# The Payoff, Feb 2013

### On network analysis

“At first I didn’t understand why we had to learn these complicated methods when we could just do it the simple way you showed us last semester.  But when you get to these complicated circuits, it makes it so much easier.  I do math every night now, even if I don’t have any for homework, because you have to exercise all the time or you lose it.”

### On graphical waveform addition

“I got off to a bad start with this, I had the wrong answers for everything, and I really didn’t know how to do it.  I won’t lie.  But now after taking all these measurements, I’m starting to understand.  And I did really bad on that first quiz — I didn’t even know what DC offset was. But I made up some practice problems that are a little bit different from the quiz, and I can do them now.”

### On AC voltage, sinusoidal signals, and what the time domain really means

“I just realized that the word ‘electronics’ has the word ‘electron’ in it. ” (x2) (After a conversation about how a sinusoidal signal represents a voltage or current that changes over time)

“Is this why we need DC voltage for electronics — so it doesn’t turn off all the time?”

“In an AC circuit, how to the electrons get their energy back after they’ve lost it?” (I love the insight in this question — the synthesis of ideas, the demand for a coherent cause)

### While presenting some routine lab measurements

“How does an electron know how much voltage to drop in each component?” (7 months later, students are suddenly gobsmacked by the totally weird implications of Kirchoff’s Voltage Law)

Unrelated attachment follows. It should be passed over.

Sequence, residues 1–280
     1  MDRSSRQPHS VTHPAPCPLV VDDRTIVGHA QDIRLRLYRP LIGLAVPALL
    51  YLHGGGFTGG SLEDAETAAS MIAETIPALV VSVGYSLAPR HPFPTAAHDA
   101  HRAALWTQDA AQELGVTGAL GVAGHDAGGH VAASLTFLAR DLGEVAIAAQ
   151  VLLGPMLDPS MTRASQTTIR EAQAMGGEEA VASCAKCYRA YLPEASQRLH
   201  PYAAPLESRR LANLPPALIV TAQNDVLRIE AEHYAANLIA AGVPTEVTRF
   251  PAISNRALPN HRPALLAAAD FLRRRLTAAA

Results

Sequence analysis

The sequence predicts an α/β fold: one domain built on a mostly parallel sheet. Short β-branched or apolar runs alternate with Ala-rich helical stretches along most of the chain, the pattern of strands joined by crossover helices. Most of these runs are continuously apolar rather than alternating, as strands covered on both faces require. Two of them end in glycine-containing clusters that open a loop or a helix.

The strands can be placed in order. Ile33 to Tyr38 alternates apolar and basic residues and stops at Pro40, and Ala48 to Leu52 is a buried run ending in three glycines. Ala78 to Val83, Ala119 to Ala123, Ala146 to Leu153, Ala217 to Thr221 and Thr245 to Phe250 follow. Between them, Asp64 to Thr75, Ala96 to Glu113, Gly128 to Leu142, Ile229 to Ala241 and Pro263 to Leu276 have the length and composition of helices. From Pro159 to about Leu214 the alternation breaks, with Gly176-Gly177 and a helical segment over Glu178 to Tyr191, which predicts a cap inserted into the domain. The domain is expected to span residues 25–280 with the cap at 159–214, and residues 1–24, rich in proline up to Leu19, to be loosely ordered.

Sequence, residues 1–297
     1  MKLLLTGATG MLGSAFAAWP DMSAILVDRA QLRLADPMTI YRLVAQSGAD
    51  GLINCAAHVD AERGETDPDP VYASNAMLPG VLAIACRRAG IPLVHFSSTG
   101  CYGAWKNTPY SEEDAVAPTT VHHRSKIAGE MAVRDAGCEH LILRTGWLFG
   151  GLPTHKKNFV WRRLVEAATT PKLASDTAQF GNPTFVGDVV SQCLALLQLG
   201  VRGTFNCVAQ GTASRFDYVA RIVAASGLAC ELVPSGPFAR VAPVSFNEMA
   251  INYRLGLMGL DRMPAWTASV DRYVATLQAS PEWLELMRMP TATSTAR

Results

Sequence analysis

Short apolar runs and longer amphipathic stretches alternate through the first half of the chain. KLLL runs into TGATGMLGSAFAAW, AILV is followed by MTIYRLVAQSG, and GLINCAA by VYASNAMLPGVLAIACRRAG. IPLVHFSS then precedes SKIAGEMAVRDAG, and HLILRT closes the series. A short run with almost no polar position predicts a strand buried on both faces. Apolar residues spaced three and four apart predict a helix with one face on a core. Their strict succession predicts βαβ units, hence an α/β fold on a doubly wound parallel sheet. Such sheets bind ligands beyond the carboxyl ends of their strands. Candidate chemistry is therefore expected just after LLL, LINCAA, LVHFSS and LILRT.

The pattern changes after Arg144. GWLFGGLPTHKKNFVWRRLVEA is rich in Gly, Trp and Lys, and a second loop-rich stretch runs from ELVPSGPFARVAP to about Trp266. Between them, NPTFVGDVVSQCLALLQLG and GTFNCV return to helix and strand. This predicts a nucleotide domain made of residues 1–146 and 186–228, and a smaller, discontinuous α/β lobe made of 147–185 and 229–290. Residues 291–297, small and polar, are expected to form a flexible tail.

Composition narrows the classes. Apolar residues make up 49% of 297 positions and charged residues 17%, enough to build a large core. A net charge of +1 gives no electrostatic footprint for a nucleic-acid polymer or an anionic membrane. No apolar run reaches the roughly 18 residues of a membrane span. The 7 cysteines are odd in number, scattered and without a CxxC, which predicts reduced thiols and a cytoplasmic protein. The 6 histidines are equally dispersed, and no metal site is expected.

### During a one-on-one discussion of the group’s interpersonal dynamics

“I find no one in this program is looking for someone to give them the answers.  We might text all night long about homework but it’s never ‘Can you send me X,’ it’s always ‘How can I figure out X?’ “

### While whiteboarding some AC circuit data

“I don’t like saying that KVL applies to instantaneous voltages, because it applies everywhere.”

“But if you say instantaneous, it applies in a general sense. Have you ever seen an AC circuit where the component voltages didn’t add up to the supply?”

### Another whiteboarding session

“Make sure you’re talking about electrons, otherwise it’s not a cause!”

“And that’s supported by the model, because…”

### While designing an experiment

“Do you have a 1uF capacitor?” “No, I guess we can use 100uF and scale it…”  (Students making big gains in proportional reasoning)

### After discussing how a capacitor’s voltage approaches an asymptote

“I never noticed before how much math relates to life — like the idea that sometimes the closer you get to something, the harder it is to get there.  I guess it’s not surprising — because math comes from life.  Math is everything.”